5 For Fun

Iowa Sisters Give Hockey A Try And Never Look Back

Sarah Ussery and her husband, Darrel, spent the winter of 2015-16 cooped up in their Estherville, Iowa, home with five young daughters who had plenty of energy to burn.

The couple considered themselves hockey fans, so an advertisement for a "Try Hockey for Free Day" at a rink 20 minutes down the road seemed like a perfect outlet for their daughters, who were all under the age of 12. 

"During the winter months, you're always looking for activities for your kids to do, because they get a little pent up in the house, and you definitely don't want them to be pent up," Sarah Ussery said with a laugh. "We had just had another baby not too long before that, so the kids were home a little more than usual. That kind of made it even more important to get the kids involved in something."

The "Try Hockey for Free Day" has turned into one of USA Hockey's most valuable initiatives in terms of growing the game at the grassroots level. Last winter, nearly 500 host arenas in 47 states introduced more than 13,000 children to the game by lending them equipment while certified coaches contributed instruction and encouragement. 

No longer do parents have to worry about spending money on league fees and equipment, only to have their children decide the sport isn't for them.

"We really didn't have anything to lose. If the kids tried it and didn't like it, there was no commitment. No big deal," mom said.

The Ussery's four middle children-Liliana (now 11), Scarletta (9), Rayvena (8) and Azariya (6)-liked the idea of hitting the ice at the Boji Bay Ice Arena in Spirit Lake, Iowa, in the spring of 2016.

"My dad watched hockey on TV a lot, and it seemed like a fun sport," Liliana said. "I knew how to roller skate, and I like to roller skate, so I wanted to try it on the ice. The first time we played, I learned that you have to try hard at the sport to get good at it, but it was a lot of fun."

It didn't take long for sister, Scarletta, to get on board as well.

"At first, when I saw people playing it, I thought, 'That looks super fun,'" she  recalled. "Then, when my mom told me they were having this hockey thing, I told her, 'I NEED to do this.' I liked everything about it. It's just super fun."

But the oldest Ussery sister, Jadelyn, passed on the opportunity at first ... and eventually regretted her decision.

"I saw how much fun my sisters were having at it, so I figured, 'Why not give it a try?'" said Jadelyn, now 13. "When they came back from it, they were all like, 'This is a really fun thing to do. Come on, and play.' I was like, 'Fine, I'll try it.' When I did, I actually got a chance to play goalie, which was really cool.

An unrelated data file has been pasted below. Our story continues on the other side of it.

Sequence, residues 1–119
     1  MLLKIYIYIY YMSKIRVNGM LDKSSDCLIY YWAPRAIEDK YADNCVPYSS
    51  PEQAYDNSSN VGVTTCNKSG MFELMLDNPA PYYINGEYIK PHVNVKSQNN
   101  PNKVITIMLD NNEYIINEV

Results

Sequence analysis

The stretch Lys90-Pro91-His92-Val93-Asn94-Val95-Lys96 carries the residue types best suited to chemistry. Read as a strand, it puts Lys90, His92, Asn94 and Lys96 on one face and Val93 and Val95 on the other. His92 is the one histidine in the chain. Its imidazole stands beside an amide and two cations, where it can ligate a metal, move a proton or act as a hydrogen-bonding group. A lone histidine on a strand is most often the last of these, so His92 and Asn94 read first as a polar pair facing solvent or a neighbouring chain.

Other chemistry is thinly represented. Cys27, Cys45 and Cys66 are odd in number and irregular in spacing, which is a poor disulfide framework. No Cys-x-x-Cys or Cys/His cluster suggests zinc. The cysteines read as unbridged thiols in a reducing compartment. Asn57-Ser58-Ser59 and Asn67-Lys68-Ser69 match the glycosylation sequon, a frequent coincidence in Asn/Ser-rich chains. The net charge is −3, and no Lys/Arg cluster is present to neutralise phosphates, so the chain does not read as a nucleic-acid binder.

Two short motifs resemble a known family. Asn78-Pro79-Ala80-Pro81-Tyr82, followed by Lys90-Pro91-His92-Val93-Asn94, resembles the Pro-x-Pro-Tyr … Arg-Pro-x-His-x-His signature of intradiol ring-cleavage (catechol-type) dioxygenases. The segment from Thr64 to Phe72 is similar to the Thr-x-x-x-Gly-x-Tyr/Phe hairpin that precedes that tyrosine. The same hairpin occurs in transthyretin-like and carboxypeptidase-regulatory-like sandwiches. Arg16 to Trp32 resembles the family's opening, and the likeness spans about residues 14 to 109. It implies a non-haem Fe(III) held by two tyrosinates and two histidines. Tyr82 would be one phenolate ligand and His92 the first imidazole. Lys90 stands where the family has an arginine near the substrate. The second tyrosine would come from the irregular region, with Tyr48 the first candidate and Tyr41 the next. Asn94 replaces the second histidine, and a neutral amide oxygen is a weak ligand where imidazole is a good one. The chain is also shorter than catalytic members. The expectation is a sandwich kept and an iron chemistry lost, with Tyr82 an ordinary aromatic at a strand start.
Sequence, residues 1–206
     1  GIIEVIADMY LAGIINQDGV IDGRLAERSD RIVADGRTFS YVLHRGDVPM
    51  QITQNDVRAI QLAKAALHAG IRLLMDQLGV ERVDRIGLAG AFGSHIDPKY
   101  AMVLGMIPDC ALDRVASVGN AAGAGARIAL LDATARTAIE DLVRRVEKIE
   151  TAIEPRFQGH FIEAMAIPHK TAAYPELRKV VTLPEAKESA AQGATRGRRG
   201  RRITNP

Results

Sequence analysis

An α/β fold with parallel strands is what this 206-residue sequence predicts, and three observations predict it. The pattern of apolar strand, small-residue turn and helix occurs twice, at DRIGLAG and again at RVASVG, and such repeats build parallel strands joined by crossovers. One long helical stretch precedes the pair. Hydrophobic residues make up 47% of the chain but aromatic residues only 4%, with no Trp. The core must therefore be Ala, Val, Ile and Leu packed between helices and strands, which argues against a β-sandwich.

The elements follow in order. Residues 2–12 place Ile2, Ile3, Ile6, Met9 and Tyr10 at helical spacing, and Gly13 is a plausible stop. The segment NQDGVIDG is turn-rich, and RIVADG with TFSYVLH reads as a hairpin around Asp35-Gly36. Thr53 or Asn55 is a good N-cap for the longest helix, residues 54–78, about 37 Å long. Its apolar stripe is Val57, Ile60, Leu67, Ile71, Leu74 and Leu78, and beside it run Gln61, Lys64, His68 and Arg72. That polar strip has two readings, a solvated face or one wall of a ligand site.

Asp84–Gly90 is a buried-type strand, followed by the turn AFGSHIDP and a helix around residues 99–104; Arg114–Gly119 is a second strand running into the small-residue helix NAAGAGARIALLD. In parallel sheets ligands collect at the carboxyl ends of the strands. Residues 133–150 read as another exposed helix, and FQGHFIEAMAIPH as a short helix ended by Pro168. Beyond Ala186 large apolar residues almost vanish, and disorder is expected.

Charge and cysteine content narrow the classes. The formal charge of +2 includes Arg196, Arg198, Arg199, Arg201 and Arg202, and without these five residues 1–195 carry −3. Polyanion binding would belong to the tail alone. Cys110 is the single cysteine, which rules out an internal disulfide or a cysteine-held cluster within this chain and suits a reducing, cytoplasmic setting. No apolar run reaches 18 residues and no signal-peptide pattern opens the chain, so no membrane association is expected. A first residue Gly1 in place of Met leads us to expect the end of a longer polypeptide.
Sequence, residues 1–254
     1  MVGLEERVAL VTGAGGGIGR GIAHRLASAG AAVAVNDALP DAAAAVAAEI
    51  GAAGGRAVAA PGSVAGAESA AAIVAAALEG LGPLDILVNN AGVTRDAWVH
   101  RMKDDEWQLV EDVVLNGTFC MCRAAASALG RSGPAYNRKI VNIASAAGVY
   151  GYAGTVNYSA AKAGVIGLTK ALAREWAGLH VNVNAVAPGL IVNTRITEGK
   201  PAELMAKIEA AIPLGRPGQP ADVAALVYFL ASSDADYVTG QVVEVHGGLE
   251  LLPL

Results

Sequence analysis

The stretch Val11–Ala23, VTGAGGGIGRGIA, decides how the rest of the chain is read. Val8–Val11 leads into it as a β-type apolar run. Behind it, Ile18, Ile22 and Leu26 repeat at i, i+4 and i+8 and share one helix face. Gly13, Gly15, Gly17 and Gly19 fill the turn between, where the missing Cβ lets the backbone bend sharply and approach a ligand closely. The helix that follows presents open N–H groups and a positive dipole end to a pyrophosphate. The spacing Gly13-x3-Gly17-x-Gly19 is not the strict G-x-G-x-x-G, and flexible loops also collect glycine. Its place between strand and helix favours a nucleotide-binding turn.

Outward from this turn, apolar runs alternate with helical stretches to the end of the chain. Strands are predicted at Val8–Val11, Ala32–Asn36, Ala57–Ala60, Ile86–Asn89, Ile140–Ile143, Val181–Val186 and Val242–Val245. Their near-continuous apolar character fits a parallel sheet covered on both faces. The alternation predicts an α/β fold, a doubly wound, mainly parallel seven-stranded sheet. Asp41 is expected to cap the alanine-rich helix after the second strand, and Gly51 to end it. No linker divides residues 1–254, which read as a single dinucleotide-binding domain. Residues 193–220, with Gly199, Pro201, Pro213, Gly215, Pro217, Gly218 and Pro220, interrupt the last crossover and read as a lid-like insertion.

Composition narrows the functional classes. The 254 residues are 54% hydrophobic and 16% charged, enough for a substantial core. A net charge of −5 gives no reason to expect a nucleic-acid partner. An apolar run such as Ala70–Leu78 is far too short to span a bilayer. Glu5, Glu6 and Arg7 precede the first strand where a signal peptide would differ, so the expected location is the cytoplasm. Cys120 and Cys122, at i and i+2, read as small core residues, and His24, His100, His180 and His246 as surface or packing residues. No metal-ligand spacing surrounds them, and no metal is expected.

"I'm really glad I did. It's just kind of the thrill of the game. You have to work hard to really achieve what you want to do, but you also have a lot of fun doing it." 

The Ussery sisters' involvement in hockey certainly solved the issue of being couped up at home. Jadelyn and Liliana skated on the same team, while Scarletta, Rayvena and Azariya competed at the younger levels.

All of the sisters practiced three times per week and averaged playing one game per week. That meant a lot of back-and-forth trips between Estherville and Spirit Lake.

"It was pretty hectic and crazy, getting them all to practice and everything," mom said. "But it was something all of them enjoyed, which made it worth it."

Hosting "Try Hockey for Free Days" has been a boon for the Lakes Area Hockey Association, which is as about as grassroots as grassroots hockey can get.

Mitch Brandt, a transplant from Roseau, Minn., founded the association 15 years ago on outdoor natural ice, and the community committed to an indoor facility five years ago. 

The association draws from several small communities and school districts in the northwest corner of Iowa. The girls program includes two dozen skaters of varying ages.

"Try Hockey for Free is just an amazing program," said Tracey Oleson, the girls' program director and coach for the association. "We're not in a very hockey-strong area, and we don't have a lot of tradition in the sport. So, we need a vehicle like that to bring people in and just let them try it with no strings attached. 

"It's been great, especially for our girls' program. The people we attract usually have some sort of connection to the sport-maybe a dad played, or they moved here from a place that has hockey. But it's always nice to have something to give those people with no connection to the sport an opportunity to do it."




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